.- Following criticism of his recent JFK speech by an Italian scholar, Archbishop Charles Chaput responded today, addressing each argument raised against his lecture. The prelate said that although he was grateful for the Italian professor's comments, “he and I clearly differ” not only on the implication's of JFK's 1960 speech, but also on the role of religion in American public life and the “proper understanding” of separation of Church and state.
On Wednesday, Vatican expert Sandro Magister published Archbishop Chaput's response to the scholar on his website Chiesa. Before presenting archbishop's reply, Magister discussed responses he received from Americans supporting the prelate's JFK arguments, most notably from Prof. James Hitchcock of St. Louis University, whose letter Magister published as well. Prof. Hitchcock reiterated that Kennedy's speech marked a definitive break in the public friendship between religion and democracy.
Magister previously published an essay on April 11 by Luca Diotallevi, a sociology professor at the University of Roma Tre, who raised several critiques of the Archbishop's March 1 lecture at Houston Baptist University.
At his lecture in Texas, the Denver archbishop criticized President John F. Kennedy's historic 1960 Houston campaign speech about his Catholic faith’s impact on his political decisions.
Calling the speech “sincere, compelling, articulate – and wrong,” Archbishop Chaput said Kennedy’s view divided private beliefs from public duties, set the national interest over and against religion, and began “the project of walling religion away from the process of governance in a new and aggressive way.”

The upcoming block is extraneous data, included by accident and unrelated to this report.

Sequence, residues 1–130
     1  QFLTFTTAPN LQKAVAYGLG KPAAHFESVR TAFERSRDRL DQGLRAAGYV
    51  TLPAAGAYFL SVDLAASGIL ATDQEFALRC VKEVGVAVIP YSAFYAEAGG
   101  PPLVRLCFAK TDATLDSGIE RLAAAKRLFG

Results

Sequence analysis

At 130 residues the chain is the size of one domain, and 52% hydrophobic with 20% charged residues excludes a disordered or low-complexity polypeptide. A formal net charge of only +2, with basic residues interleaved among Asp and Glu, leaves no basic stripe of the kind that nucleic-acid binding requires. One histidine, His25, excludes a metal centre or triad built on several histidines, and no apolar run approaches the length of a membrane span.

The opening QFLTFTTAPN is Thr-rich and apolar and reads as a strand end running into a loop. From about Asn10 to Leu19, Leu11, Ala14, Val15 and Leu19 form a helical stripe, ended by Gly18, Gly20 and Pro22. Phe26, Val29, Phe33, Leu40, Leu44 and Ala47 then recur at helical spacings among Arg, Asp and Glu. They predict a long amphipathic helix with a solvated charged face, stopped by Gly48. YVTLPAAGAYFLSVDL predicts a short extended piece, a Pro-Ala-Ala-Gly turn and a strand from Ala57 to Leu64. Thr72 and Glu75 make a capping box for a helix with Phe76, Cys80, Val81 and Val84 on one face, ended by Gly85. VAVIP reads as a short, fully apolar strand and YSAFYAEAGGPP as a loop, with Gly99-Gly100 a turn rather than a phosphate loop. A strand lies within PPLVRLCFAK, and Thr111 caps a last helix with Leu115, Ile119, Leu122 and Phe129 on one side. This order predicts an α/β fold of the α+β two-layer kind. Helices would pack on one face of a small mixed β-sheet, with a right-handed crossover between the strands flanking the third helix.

Responding to the prelate's remarks, Diotallevi questioned in his essay whether or not Kennedy's speech was “secular,” given that one of the sources for the late president's text was John Courtney Murray, a Jesuit scholar. Diotallevi claimed the Jesuit's influence on the speech was “easy to trace.”
The Italian scholar also took issue with the archbishop's argument that Kennedy had to convince “uneasy” Protestant ministers that his faith wouldn't impede his duties as president. Protestant pastors, said Diotallevi, are “anything but secularists.”
Additionally, Diotallevi claimed that Archbishop Chaput's use the of the word “Church” was too broad, and also expressed worry that some members of widespread American protestantism and Catholic fringe groups might propose a relationship between politics and religion in which the latter becomes “an instrument (albeit valuable and well rewarded) of the former.” In light of this, he questioned whether Archbishop Chaput’s speech at times put forward the view that the separation between Church and state must be rejected if one does not want indifferent political institutions.